unittest.test_upper{'FOO'#.upper 'foo'}
unittest.run
test_upper....................[OK]
unittest.test_isupper{(#.isupper 'FOO')∧~#.isupper 'Foo'}
unittest.run
test_isupper..................[OK] test_upper....................[OK]

Let’s add a test that fails.

unittest.test_isupper2{(#.isupper 'FOO')∧~#.isupper 'BAR'} ⍝ Failing test
unittest.run
test_isupper..................[OK] test_isupper2.................[FAIL] test_upper....................[OK]
unittest.test_split{'hello' 'world'' '#.split 'hello world'}
unittest.run
test_isupper..................[OK] test_isupper2.................[FAIL] test_split....................[OK] test_upper....................[OK]

We can of course run single tests trivially:

unittest.test_split
1

Nice, simple, and surprisingly useful.

Data-driven testing

Data-driven testing, also known as parametrized testing, is where you provide essentially a table of inputs and expected outputs and let your testing framework run them all. This approach isn’t supported out of the box in Python’s basic unittest module. However, other more fully-featured Python frameworks, such as pytest, do.

Here’s how that can look:

import pytest

@pytest.mark.parametrize("test_input,expected", [("3+5", 8), ("2+4", 6), ("6*9", 42)])
def test_eval(test_input, expected):
    assert eval(test_input) == expected

Here the decorator @pytest.mark.parametrize defines the test function arguments, and then provides a list of tuples. The test runner will then call the test function with the arguments as given by each tuple in turn. Let’s see if we can achieve something similar in APL.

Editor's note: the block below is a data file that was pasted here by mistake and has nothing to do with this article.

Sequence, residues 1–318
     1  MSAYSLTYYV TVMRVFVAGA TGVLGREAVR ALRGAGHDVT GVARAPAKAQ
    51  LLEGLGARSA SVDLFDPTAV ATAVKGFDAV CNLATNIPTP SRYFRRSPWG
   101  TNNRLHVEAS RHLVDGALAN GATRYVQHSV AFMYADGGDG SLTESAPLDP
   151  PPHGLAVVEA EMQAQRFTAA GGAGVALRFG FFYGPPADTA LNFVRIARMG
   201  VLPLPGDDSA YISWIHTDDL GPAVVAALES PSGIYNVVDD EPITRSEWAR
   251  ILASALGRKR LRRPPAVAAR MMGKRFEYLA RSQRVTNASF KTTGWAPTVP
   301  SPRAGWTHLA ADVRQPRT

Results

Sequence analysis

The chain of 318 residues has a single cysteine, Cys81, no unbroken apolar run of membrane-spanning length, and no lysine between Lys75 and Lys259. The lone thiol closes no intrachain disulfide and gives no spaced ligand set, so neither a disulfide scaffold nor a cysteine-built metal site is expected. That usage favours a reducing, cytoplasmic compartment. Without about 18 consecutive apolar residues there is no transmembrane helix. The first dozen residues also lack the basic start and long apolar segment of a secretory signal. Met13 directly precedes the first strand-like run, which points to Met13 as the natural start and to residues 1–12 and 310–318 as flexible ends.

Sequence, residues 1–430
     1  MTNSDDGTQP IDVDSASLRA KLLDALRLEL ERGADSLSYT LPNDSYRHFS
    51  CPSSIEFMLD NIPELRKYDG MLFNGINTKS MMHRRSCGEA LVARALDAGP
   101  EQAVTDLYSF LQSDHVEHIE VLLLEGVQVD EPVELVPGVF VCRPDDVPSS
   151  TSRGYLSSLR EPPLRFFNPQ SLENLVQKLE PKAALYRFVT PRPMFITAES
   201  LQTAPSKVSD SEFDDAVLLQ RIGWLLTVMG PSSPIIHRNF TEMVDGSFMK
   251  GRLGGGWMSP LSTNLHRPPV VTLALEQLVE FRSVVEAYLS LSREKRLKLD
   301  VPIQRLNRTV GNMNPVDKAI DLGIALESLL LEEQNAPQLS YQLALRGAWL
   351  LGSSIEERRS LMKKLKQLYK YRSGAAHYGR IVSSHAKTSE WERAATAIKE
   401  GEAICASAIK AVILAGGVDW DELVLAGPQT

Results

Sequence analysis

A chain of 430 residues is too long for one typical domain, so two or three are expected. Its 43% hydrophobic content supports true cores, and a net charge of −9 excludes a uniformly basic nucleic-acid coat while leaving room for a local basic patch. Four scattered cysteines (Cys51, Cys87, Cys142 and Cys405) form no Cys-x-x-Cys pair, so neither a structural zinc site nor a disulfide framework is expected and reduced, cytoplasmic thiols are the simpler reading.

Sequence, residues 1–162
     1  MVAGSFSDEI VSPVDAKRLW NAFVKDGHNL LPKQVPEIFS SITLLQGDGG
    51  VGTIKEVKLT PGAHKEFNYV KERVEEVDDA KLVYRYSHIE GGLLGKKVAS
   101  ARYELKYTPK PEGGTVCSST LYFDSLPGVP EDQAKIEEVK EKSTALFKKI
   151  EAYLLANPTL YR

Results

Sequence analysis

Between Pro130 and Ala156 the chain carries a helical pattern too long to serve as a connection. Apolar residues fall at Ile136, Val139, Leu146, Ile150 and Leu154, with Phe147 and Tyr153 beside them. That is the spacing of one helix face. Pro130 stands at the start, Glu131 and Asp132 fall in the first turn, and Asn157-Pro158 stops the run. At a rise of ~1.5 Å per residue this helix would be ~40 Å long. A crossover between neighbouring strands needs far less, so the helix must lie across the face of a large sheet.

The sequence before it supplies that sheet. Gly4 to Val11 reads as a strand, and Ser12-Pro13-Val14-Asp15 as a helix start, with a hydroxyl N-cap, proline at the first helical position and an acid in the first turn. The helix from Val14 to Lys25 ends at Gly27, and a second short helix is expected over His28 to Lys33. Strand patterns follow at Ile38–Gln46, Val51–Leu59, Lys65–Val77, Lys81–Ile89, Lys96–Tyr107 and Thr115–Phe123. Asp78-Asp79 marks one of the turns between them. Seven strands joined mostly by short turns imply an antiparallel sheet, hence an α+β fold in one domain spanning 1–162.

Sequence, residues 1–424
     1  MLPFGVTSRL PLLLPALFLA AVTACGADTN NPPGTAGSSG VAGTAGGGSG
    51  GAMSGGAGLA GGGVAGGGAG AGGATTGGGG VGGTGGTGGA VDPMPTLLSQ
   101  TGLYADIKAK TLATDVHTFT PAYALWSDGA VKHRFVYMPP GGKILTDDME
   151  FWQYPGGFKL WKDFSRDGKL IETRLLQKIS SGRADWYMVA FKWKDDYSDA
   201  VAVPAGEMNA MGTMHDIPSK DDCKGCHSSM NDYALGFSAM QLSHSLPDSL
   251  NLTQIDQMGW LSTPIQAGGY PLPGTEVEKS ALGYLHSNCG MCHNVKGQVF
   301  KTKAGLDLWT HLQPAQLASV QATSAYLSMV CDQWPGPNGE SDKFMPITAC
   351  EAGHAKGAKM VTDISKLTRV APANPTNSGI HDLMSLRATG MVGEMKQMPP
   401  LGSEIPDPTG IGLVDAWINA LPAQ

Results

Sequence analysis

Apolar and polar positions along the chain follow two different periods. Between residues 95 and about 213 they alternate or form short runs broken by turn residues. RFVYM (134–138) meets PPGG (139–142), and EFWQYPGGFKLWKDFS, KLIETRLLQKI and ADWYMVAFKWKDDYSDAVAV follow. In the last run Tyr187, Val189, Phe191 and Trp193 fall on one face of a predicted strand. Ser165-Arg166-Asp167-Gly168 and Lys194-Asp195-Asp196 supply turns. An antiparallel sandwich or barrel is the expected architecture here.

This sounds like a job for an operator: we pass a function to the test runner, and a vector of 3-“tuples” representing left argument, right argument and expected outcome.

_test{(/)0 0⍺⍺/¯11⊢↑}
split _test (' ' ('hello world') ('hello' 'world')) (',' ('hello,world') ('hello' 'world'))
1 1

What we need now is a convenient way to specify such parameter sets so they can be picked up by the test runner. We can do this by defining variables named fn_testdata, and have that be picked up by our unit testing namespace.

split_testdata(' ' ('hello world') ('hello' 'world')) (',' ('hello,world') ('hello' 'world'))
split _test split_testdata
1 1
:Namespace datatest
    ⎕IO  0
    _test{(/)0 0⍺⍺/¯11⊢↑}
    run{ ⍝ ⍵ -- ns containing functions to be tested
        params  '_'(≠⊆⊢)¨'[^_]+_testdata'⎕S'&'⎕NL¯2.1    ⍝ https://aplcart.info/?q=%E2%8E%95NL#
        0=≢params: 'no test parameter sets found'
        funs  ¨¯11params                            ⍝ Corresponding functions defined?
        testable  funs/⍨funs.⎕NL¯3
        result{(.)_test ,'_testdata'}¨testable    ⍝ Run the tests
        {,('.'/⍨30-≢),'[',(⍕+/),'/',(⍕≢),']'}testable result ⍝ Format
    }
:EndNamespace
datatest.split_testdata(' ' ('hello world') ('hello' 'world')) (',' ('hello,world') ('hello' 'world')) ⍝ dyadic function
datatest.isupper_testdata( ('FOO') 1) ( ('Foo') 0) ( (,'F') 1) ⍝ monadic function
datatest.run ⎕THIS
isupper.......................[3/3] split.........................[2/2]

So there we have it. Of course, in a real project you may want a slightly more fleshed out test framework, capable of testing for exceptions etc.